“I feel a lot of performative moves made, but it doesn’t feel genuine to me yet,” she says. “It doesn’t feel like it did in the nineties when everybody was winning; Foxy was winning, Lil Kim and Queen Latifah, Mc Lyte and Lauren Hill … everybody was winning, whether they were super sexual, super boom-bap or whatever. It doesn’t feel like that yet.”
As she adds, it’s not for lack of talent — because talent isn’t always a success factor anymore.
“Unfortunately, talent hasn’t mattered for a while. If that were the case, a lot of us would be further along,” she says. “And even amongst the talented bunch, I still feel like there are token selections of people (both male and female) that get put on all these features and all the soundtracks, etc.”
Real change, the way she sees it, is in the consumers’ hands; however, it’s not as simple anymore. When labels were the ones that commanded the industry, they could dictate who was hot. Now, they simply chase trends, which in turn bolsters the number of people who copy the said trends.
“They have been set up with mediocrity … people have to make dope popular again,” she says. “But ultimately, it’s on the listener.”
Despite the perception some have about gender in Hip Hop, Lyric adds that she is thoroughly over it — and you won’t catch her wasting her time screaming at proverbial brick walls at this point in her career.
“I make music; you all remind me that I’m a woman — like, my fans and publications. They remind me about that. I’m not thinking about that. Is shit going to change? I don’t even think about these things. I don’t care,” she says bluntly.
“I think once upon a time in my early twenties, I did; it’s like, [women] have been screaming and beating our chests about the same things over and over again.”
At the end of the day, it’s the music that makes artists great — not their gender, backstory or penchant for creating like-worthy internet moments.
“People rock with what they rock with … but if it’s undeniable, it’s going to push through,” she notes. “That’s how I feel. It doesn’t matter what you are; if you’re undeniable, it’s going to shine through regardless. I try to think from that mentality, regardless of gender, labels, or any of that.”
She further expands this point of view, and applies it to the age-old “underrated” debate, especially in accolades and awards.
“Sometimes, people think certain things get snubbed, and (really) they aren’t snubbed — they’re not undeniable. Some things aren’t a gender thing. Some things don’t resonate with people. So, I stopped thinking about, ‘Oh man, they’re leaving the ladies out of these conversations.’ Is that person changing lives with their record? What is the record doing to make an impact on the culture?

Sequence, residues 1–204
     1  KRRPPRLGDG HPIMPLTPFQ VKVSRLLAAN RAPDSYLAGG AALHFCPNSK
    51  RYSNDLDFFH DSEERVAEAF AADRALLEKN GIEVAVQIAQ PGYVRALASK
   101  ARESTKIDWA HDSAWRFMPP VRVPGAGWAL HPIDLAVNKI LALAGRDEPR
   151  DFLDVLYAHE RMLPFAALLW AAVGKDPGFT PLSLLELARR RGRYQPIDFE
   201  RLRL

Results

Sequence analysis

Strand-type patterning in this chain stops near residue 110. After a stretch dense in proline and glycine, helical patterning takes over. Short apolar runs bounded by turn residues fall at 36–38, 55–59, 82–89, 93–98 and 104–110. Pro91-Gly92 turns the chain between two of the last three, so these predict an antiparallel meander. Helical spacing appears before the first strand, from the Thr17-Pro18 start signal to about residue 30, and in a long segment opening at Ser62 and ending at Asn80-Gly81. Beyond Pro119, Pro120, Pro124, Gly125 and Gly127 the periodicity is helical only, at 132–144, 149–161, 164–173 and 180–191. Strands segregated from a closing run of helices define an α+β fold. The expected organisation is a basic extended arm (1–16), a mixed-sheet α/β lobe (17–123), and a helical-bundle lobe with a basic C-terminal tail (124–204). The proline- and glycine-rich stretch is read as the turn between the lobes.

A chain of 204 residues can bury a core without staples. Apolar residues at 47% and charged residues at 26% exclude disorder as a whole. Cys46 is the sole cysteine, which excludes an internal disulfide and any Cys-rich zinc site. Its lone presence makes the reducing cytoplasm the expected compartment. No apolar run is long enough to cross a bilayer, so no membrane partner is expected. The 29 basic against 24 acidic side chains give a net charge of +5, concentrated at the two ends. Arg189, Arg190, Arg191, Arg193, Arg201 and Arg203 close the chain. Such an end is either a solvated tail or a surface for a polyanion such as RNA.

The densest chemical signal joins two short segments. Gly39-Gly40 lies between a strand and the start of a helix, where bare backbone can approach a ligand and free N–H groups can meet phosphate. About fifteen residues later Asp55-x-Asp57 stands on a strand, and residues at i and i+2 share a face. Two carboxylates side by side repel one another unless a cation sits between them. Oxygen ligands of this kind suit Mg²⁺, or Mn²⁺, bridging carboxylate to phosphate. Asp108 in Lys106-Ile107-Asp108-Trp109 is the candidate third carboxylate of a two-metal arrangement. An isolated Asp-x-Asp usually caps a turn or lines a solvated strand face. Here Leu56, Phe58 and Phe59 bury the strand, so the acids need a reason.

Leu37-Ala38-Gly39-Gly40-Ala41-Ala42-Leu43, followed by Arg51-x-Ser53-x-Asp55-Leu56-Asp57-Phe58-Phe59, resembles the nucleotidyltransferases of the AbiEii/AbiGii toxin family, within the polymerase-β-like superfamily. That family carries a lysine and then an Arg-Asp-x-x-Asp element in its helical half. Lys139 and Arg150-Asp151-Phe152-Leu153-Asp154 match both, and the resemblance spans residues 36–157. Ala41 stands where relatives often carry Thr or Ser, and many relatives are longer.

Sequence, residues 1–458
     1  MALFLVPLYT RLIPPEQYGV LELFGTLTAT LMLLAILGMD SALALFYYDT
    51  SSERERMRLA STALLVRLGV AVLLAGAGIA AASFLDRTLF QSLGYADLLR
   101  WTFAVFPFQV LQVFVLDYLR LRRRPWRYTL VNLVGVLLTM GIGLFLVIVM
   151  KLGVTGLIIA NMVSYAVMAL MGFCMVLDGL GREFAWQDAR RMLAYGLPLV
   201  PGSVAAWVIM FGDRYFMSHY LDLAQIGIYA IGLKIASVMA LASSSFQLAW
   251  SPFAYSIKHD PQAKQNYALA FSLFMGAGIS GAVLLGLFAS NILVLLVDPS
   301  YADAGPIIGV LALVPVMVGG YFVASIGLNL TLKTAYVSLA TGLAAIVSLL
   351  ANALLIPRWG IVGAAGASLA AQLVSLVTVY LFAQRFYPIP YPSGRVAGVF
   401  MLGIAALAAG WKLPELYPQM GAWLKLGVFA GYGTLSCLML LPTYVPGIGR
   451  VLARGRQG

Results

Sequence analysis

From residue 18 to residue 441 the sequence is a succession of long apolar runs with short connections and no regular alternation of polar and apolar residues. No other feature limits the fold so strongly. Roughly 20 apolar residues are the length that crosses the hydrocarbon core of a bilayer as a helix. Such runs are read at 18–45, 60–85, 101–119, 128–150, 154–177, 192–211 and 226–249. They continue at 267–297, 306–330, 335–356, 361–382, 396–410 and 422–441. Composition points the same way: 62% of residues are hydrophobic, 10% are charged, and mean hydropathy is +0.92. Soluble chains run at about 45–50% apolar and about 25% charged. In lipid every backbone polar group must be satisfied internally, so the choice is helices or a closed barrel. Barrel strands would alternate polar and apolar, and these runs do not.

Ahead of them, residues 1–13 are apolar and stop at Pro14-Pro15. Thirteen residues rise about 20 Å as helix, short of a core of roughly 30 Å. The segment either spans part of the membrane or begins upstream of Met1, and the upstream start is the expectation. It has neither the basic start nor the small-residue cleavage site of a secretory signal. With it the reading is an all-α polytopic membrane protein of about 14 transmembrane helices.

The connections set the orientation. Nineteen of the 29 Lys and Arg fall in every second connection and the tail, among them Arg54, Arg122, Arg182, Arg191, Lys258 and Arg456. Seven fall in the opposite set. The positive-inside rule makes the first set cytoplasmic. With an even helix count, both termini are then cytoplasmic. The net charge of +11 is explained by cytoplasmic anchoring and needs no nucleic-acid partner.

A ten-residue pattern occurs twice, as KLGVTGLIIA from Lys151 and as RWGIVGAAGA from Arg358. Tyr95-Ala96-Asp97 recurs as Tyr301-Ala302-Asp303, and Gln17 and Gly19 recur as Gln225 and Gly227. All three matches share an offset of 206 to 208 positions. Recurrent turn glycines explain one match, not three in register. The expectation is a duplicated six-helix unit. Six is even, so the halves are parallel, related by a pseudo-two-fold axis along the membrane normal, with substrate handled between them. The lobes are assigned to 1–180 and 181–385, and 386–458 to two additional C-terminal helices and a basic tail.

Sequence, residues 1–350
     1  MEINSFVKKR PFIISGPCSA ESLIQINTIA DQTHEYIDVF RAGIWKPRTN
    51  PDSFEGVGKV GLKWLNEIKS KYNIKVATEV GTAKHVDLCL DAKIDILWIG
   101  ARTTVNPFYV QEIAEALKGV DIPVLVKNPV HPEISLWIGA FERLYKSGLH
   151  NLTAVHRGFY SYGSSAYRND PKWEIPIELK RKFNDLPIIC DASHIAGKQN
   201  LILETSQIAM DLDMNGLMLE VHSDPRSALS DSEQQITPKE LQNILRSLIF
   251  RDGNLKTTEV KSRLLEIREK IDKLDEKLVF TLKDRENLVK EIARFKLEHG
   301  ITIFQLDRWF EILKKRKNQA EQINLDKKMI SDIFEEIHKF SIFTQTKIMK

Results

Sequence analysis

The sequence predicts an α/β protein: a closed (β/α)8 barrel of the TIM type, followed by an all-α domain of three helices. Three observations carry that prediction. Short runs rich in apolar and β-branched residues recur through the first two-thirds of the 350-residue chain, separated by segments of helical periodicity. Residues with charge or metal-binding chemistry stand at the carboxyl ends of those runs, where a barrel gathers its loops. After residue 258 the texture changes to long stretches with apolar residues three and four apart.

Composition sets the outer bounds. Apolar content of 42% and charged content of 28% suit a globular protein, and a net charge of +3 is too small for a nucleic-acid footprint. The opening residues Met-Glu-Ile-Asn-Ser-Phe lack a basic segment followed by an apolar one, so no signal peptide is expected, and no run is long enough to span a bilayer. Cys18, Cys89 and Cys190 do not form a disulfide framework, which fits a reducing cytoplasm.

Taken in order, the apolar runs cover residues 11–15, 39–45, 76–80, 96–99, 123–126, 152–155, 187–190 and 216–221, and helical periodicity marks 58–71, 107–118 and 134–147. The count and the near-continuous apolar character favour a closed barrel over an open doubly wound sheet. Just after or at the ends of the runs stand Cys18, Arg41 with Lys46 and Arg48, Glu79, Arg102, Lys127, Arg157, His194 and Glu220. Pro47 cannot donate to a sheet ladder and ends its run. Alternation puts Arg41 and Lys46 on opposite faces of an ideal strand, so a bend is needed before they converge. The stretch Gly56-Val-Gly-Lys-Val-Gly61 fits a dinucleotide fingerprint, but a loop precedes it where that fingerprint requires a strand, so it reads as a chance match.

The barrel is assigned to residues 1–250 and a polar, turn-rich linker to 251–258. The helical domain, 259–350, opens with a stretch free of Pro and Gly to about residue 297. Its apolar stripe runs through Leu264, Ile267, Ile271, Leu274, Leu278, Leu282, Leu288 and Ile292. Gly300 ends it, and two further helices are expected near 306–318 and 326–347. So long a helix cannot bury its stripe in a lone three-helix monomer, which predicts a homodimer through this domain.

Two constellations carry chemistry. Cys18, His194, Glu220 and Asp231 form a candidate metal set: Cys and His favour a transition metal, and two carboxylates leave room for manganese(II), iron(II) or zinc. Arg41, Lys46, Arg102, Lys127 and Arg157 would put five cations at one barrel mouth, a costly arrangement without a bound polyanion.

Bruno Mars had like 27 Grammy nominations, right? He was everywhere. Hit records everywhere. That’s the type of sandbox I’m trying to play in,” she admits. “It’s bigger than rap to me. It’s about being an incredible icon. That’s what we should be shooting toward [in our careers].”
Asking artists what’s next is almost knee jerk in the Hip Hop journalism profession, so understandably, Lyric has heard it a few times on this particular press run.
As she tells me, the answer changed.
“I don’t know what’s next. I’m living in the moment,” she says honestly. “COVID has taught us to be one day at a time … one hour at a time, literally.
“I’m continuing to try to find ways to perform and get compensated so that I can do things with excellence … that is always the goal,” she explains, adding that virtual concerts just don’t give her the same level of fulfillment.
“I’m still trying to find more opportunities to do voiceover work and licensing, and just other things,” she adds. Earlier this year, she appeared on a Sesame Street segment alongside Phonte — voicing a boot battling a hamburger to help Elmo and Abby decide between a hike or outdoor BBQ.
“I’m trying to pivot from the mechanics of, ‘Alright, let me do this verse, let me do this feature, and you put the video out … like I’m getting bored with that.”
Stream Lyric Jones’s Closer Than They Appear, below.